Yes, said attempt may be laced with stereotypes, so to speak. For instance, the music video features imagery akin to karate-inspired dancing, and people farming instead of, say, living in modern cities. But more to the point would be the sentiment behind the lyrics. 

This was fresh after the 1970s, a decade which featured a fair share of American acts embracing different forms of spiritualism. And that would definitely include Earth, Wind & Fire, the band which Philip Bailey sprang from. 

So it can be said that he had already established a reputation for himself as sort of a truth seeker. And that is the same character Philip takes on in “Walking on the Chinese Wall”, though in this case he is resorting to traditional Chinese as opposed to say Ancient Egyptian mysticism.

Lyrics of "Walking on the Chinese Wall"

Music Video

The music video to this song, as directed by the late Duncan Gibbins (1952-1993), took place in California though in what are referred to as the Santa Monica Mountains. And it featured the late Pat Morita (1932-2005, who was actually Japanese-American). This was around the same time Morita was at the height of his fame, after taking on his signature role as Mr. Miyagi in “The Karate Kid” (1984).

Release Date of “Walking on the Chinese Wall”

This track is from an album which itself is entitled “Chinese Wall” (1984), Philip Bailey’s second solo full-length.  Philip Bailey is a singer who made a name for himself as one of the lead vocalists of Earth, Wind & Fire, one of the most celebrated African-American bands from the 1970s.

“Chinese Wall” was a notable hit, breaking the top 30 on both the Billboard 200 and UK Albums Chart. But the most-successful track from the project wasn’t this one. Rather it was the lead single, “Easy Lover” (1984), which is a duet between Philip Bailey and Phil Collins.

In fact it was Phil Collins who produced the entire project, including this song. And he also lent his vocal as well as drumming and keyboarding skills to “Walking on the Chinese Wall”.

This song first came out, courtesy of Columbia Records, as part of “Chinese Wall” during October of 1984. And the following year it was re-issued as the third single from the project. And as can be deduced, the album was named after the song.

Philip Bailey

Creation of Song

The writers of the piece are Roxanne Seeman, Marcy Levy (aka Marcella Detroit) and the late Billie Hughes (1948-1998).

This track was recorded in two locales. First and foremost would be Townhouse Studios, which were found in London. In fact Philip Bailey relocated across the pond a couple of months to lay down “Chinese Wall”. And the second location, which was involved to a lesser extent, was Hollywood’s Ocean Ray Recording.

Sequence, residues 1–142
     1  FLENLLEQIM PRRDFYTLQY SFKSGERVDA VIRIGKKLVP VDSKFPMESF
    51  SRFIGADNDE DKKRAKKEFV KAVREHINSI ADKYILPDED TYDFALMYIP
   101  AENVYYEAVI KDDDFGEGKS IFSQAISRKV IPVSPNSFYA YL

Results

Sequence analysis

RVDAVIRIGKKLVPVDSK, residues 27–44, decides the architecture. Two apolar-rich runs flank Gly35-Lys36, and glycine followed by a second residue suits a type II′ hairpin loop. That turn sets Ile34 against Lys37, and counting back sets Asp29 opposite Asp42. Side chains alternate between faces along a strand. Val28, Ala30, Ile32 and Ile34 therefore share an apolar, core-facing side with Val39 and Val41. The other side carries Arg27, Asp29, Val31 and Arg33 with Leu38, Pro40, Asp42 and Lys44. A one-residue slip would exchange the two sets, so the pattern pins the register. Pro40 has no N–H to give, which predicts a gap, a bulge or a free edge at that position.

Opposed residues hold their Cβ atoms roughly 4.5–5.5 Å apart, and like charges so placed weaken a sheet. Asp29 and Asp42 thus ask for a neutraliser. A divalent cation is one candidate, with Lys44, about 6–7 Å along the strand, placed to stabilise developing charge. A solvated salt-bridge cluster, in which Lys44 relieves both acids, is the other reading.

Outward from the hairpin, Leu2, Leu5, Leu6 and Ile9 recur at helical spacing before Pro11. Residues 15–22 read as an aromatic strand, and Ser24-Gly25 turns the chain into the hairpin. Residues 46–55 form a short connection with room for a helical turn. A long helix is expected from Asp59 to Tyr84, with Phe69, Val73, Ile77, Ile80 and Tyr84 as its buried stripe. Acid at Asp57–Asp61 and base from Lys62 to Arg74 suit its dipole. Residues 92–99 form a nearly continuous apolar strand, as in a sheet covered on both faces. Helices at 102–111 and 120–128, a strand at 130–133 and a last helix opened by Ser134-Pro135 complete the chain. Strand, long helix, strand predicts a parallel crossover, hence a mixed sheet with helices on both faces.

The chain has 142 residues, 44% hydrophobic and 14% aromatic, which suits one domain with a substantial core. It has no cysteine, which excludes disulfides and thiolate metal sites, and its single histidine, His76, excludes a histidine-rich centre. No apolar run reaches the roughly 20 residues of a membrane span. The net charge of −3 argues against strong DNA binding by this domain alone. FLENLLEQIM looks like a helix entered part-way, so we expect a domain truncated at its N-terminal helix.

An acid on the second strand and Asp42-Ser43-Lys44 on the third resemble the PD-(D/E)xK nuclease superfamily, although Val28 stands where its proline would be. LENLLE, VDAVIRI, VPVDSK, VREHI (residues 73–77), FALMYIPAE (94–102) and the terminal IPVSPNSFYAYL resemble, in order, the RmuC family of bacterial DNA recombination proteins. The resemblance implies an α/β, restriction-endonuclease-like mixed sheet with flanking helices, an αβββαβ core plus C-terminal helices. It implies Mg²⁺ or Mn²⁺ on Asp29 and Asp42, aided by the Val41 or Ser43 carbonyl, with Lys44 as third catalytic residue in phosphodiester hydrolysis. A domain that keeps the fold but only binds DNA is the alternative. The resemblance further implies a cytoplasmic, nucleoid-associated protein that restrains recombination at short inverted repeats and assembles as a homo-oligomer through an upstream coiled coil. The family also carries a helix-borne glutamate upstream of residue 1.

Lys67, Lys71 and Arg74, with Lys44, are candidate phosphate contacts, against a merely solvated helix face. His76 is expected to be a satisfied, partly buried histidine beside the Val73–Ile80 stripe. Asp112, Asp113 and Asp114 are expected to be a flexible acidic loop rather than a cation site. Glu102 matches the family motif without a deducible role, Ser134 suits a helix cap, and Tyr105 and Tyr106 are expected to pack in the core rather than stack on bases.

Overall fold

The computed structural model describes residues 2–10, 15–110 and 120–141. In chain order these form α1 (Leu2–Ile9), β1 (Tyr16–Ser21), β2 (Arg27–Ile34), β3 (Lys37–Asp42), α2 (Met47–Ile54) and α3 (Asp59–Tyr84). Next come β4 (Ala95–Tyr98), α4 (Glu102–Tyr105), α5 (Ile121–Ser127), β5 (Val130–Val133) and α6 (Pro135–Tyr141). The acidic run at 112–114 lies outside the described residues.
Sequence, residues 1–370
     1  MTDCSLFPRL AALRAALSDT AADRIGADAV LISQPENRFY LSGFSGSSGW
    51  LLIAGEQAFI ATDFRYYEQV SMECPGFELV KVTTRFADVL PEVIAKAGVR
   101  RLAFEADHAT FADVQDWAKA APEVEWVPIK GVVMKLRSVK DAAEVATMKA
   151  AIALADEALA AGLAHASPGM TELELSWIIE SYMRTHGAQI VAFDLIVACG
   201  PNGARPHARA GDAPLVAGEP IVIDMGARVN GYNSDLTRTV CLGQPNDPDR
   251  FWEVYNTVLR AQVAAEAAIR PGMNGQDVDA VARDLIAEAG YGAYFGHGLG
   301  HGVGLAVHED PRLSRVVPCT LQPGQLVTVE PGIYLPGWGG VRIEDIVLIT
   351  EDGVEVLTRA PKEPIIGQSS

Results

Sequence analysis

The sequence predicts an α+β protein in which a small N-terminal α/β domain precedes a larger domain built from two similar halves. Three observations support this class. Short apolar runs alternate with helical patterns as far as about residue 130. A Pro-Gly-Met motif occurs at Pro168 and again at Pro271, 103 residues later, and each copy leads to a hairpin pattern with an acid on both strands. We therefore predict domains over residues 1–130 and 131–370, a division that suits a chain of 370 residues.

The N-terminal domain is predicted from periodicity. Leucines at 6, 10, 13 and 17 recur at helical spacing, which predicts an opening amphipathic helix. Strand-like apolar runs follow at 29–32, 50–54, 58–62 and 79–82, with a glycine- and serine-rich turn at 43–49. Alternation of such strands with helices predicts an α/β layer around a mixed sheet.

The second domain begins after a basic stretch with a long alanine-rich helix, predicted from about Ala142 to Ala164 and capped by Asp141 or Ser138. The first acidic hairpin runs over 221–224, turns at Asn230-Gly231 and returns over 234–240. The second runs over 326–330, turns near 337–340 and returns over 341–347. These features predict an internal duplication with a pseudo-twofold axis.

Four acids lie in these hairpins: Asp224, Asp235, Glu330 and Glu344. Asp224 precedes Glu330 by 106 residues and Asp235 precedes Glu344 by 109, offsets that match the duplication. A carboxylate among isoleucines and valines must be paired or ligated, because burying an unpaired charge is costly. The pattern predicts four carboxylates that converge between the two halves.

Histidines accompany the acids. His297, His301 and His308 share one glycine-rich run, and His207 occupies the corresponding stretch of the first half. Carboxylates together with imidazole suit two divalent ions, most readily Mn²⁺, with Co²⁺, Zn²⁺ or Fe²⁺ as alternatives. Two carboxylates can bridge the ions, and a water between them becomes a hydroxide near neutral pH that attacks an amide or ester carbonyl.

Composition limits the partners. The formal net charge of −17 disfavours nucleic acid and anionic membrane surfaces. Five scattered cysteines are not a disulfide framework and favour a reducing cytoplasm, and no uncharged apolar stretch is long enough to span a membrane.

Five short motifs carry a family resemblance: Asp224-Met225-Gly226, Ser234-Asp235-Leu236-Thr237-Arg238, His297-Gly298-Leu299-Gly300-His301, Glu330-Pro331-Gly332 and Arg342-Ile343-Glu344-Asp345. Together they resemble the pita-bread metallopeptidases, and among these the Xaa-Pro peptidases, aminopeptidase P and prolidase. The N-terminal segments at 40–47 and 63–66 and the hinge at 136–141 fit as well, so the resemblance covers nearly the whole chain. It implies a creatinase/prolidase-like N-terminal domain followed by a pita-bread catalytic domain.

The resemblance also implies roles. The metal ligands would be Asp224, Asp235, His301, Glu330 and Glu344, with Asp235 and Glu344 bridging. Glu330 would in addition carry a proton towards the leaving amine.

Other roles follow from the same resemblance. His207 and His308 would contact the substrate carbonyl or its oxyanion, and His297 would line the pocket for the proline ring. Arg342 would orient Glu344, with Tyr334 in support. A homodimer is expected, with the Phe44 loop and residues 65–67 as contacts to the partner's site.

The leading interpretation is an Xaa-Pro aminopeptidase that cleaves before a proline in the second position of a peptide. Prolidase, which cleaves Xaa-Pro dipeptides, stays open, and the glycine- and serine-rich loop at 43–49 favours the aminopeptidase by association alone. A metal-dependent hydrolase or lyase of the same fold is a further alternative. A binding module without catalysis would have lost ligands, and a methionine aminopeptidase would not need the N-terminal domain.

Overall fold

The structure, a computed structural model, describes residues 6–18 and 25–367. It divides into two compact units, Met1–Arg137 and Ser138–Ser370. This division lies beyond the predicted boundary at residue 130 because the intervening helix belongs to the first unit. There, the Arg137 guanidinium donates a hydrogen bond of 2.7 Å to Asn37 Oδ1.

Facts about “Walking on the Chinese Wall”

This was a significant song for Bailey. It got listed on the Billboard Hot 100 and UK Singles Chart, as well as charting in a handful of other countries. And whereas it didn’t perform exceptionally well chart-wise, it is still considered to be one of the standouts of its project.

Outside of traditional Chinese philosophy, the lyrics of this song are said to be based on two additional sources. One is a divination text known as I Ching which dates back to the BC era. And second would be a group of 18th century novels which are known as “Dream of the Red Chamber”.

This song holds a place in history as it was performed at an event, in 2004, called the Wall of Hope concert. Said event was the first time a pop concert had been conducted at the Great Wall of China. And it was climaxed via a rendition of “Walking on the Chinese Wall” sung by Cyndi Lauper, Nellie McKay and Sylvia Tosun.

Some of the notable instrumentalists to perform on this song, outside of Phil Collins himself, include the following:

  • Nathan East (bassist)
  • Daryl Stuermer (guitarist)
  • The Phenix Horns (a group of musicians who were formerly the horn section for Earth, Wind & Fire) 

And the quartet who participated on the track are as follows:

  • Michael Harris (trumpeter)
  • Rahmlee Michael Davis (trumpeter)
  • Don Myrick (saxophonist, 1940-1993)
  • Louis Satterfield (trombonist, 1937-2004)

1 Response

  1. VoidMaster says:

    One of the greatest songs ever. So evocative, spiritual and beautiful. Philip Bailey singing, Phil Collins drums combine to produce a most uplifting song.